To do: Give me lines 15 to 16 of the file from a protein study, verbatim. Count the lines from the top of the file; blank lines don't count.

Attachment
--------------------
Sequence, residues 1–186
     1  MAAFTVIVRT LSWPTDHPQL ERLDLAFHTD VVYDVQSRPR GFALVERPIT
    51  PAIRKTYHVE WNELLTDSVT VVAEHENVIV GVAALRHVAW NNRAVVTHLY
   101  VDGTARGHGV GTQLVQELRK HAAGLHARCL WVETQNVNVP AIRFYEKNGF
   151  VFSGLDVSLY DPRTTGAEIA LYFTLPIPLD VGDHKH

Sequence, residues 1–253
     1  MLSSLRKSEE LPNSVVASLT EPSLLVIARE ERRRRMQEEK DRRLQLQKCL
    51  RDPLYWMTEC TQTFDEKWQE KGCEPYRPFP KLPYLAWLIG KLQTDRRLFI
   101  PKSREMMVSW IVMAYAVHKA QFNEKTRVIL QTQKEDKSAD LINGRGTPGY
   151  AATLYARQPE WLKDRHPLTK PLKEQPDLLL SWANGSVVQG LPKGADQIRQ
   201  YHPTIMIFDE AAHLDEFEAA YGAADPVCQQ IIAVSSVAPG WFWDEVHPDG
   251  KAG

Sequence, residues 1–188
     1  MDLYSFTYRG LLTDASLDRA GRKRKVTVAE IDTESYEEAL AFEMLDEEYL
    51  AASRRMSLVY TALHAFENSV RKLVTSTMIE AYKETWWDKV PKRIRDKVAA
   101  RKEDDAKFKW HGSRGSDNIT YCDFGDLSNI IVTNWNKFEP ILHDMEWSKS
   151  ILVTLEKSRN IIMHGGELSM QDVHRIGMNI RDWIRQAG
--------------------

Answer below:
    51  AASRRMSLVY TALHAFENSV RKLVTSTMIE AYKETWWDKV PKRIRDKVAA
   101  RKEDDAKFKW HGSRGSDNIT YCDFGDLSNI IVTNWNKFEP ILHDMEWSKS